Bryant's biggest plus is his three-point shooting, as he knocked down 41.1% the last two seasons. He's one of only seven players 6-foot-10 or taller to shoot at least 40% during that span. That means he is not only unique to the Wizards' roster, but unique for the entire league as well. The Wizards can try to work in some pick-and-pop actions they don't currently utilize with Gafford and Harrell. 

Bryant is particularly good at catch-and-shoot threes. He shot 42.5% on those last season and 42.9% the year before, both of which would lead the Wizards currently. The Wizards are 28th in the NBA this season in catch-and-shoot three-point percentage (33.8) and 28th in catch-and-shoot threes made per game (7.7). Caldwell-Pope has been their best catch-and-shoot marksman (41.8% from three), while Davis Bertans (32.7%), Bradley Beal (29.5%) and Corey Kispert (28.8%) have struggled uncharacteristically.

The biggest determinant for Bryant's playing time is probably going to be his defense. He was in the paint when the Wizards posted historically bad defenses in 2018-19, 2019-20 and at the start of 2020-21. Last year, the Wizards improved when Robin Lopez and Alex Len took over at center and then vaulted to near the top of the league when Gafford arrived in a trade. It's not clear how much of the previous struggles were Bryant's fault and it's worth noting they haven't been great defensively this season (22nd in defensive rating) despite having Gafford, who ranks seventh in blocks per game.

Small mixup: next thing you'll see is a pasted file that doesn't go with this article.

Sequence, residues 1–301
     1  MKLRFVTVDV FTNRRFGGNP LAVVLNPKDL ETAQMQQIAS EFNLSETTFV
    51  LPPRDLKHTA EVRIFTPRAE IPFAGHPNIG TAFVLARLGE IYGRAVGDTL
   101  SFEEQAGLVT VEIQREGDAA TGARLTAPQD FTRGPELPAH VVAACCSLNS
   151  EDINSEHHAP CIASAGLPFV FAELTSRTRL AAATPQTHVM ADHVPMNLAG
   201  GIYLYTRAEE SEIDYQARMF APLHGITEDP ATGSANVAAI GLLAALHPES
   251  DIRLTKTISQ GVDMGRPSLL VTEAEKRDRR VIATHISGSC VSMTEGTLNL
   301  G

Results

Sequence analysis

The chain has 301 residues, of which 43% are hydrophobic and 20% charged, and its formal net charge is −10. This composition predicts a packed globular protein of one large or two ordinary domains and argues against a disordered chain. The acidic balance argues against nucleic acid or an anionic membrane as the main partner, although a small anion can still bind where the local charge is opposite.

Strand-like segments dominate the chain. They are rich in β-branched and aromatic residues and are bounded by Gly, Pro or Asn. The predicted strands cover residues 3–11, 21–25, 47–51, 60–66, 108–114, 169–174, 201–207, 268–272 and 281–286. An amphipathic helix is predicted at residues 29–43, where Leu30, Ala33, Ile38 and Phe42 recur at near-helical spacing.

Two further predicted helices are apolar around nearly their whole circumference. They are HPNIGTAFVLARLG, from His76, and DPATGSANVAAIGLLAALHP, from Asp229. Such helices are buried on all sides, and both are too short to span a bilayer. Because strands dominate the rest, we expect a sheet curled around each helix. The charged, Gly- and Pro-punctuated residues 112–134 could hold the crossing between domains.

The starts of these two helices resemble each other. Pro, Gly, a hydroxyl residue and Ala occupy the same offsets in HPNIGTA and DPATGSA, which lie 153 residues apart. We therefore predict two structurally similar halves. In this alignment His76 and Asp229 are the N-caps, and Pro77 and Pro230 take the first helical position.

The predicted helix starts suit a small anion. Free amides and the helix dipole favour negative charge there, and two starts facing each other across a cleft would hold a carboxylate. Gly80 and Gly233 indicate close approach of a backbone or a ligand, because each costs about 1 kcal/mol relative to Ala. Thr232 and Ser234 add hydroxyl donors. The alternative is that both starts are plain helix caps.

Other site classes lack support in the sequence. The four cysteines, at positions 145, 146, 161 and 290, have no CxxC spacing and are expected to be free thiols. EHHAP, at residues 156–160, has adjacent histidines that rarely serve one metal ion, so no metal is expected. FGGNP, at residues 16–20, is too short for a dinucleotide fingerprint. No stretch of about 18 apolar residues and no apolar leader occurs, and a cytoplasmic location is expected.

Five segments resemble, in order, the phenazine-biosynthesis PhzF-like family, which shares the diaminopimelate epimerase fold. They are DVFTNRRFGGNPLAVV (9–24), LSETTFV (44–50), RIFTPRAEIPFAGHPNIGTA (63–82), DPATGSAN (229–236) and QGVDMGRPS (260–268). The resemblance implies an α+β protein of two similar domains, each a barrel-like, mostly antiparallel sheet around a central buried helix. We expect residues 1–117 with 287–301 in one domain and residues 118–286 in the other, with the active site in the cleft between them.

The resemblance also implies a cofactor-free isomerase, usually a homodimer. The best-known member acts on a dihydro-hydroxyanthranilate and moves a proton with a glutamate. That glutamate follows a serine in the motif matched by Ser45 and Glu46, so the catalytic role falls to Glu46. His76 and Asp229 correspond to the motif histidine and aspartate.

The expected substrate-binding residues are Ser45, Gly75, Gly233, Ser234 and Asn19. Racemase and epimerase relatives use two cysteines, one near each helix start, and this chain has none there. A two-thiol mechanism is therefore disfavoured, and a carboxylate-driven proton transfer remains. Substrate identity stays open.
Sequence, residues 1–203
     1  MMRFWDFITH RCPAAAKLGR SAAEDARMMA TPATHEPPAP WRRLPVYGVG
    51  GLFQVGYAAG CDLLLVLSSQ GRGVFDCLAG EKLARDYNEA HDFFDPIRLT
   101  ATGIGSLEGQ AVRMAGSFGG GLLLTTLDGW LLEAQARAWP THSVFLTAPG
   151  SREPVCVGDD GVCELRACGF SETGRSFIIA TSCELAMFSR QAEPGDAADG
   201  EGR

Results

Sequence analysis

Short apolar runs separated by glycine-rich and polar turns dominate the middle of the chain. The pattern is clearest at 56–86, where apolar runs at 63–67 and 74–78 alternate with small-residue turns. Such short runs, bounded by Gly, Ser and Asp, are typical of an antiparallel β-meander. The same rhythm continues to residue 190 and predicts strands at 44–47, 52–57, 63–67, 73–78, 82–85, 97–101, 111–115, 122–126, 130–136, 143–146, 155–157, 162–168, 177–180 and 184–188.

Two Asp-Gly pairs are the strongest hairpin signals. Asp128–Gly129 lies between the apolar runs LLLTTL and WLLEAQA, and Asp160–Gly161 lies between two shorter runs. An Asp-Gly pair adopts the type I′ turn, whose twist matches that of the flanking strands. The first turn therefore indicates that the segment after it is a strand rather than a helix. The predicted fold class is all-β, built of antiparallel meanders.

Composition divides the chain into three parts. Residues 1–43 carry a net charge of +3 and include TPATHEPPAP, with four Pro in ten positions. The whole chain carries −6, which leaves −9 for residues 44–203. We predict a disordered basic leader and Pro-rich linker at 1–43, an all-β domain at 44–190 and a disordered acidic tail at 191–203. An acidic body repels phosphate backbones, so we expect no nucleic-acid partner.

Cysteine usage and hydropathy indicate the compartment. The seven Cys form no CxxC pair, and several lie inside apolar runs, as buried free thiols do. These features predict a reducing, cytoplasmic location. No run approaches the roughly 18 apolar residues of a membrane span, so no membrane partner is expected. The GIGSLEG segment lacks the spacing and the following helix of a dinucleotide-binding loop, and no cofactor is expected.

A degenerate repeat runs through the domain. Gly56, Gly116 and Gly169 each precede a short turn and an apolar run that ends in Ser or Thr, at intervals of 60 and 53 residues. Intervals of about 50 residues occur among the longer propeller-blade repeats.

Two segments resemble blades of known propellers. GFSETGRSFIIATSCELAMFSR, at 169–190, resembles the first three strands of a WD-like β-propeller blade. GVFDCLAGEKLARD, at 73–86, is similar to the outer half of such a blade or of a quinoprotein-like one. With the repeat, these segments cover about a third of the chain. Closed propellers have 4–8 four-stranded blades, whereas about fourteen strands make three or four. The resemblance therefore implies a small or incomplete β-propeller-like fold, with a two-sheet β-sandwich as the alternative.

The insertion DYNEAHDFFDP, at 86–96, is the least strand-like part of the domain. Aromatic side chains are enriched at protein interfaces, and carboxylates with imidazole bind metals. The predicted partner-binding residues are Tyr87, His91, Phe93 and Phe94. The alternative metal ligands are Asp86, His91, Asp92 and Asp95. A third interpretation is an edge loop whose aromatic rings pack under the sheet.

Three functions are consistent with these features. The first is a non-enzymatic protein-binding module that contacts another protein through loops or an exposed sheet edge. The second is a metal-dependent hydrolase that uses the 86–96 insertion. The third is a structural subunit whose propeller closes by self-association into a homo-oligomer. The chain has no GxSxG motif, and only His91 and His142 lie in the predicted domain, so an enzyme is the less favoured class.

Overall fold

Where Bryant could be especially useful on defense is against big centers. Everyone remembers how he played Joel Embiid well in the Orlando bubble. Though that by no means suggests he's an Embiid stopper, he is bigger and has more length than the Wizards' other options at his position, which helps. His 7-foot-6 wingspan is among the widest in NBA Combine history. For context, Rudy Gobert's is 7-foot-9.

How both can help

As a duo, Hachimura and Bryant should infuse the Wizards with some offense, particularly around the rim. They should help bolster a rim attack that already includes Gafford, Harrell and others who can get there like Beal, Spencer Dinwiddie (as he showed early this season) and Kuzma (as he's shown lately). Hachimura and Bryant are also fast for their positions from baseline to baseline, which should help the Wizards' cause as they aim to improve in transition scoring. Bryant has led the Wizards in transition points-per-possession in two out of the last three years, each time ranking top-5 in the NBA in that category.

What Unseld Jr. will have to figure out is who these guys can co-exist with on the floor. Can Hachimura show improvement as a three-point shooter and then play next to Avdija, who shoots just 30.0% from long range? Can Bryant's three-point shooting allow him to play alongside Gafford, who has never even attempted a three in his career?

Injuries and other circumstances like health and safety protocols will always play a factor as the Wizards aim to sort out their newfound depth. When they have all of their players available, though, there will only be so many minutes for Unseld Jr. to dole out.

The good news is both Hachimura and Bryant should help the Wizards' cause and the wait for them to play is almost over.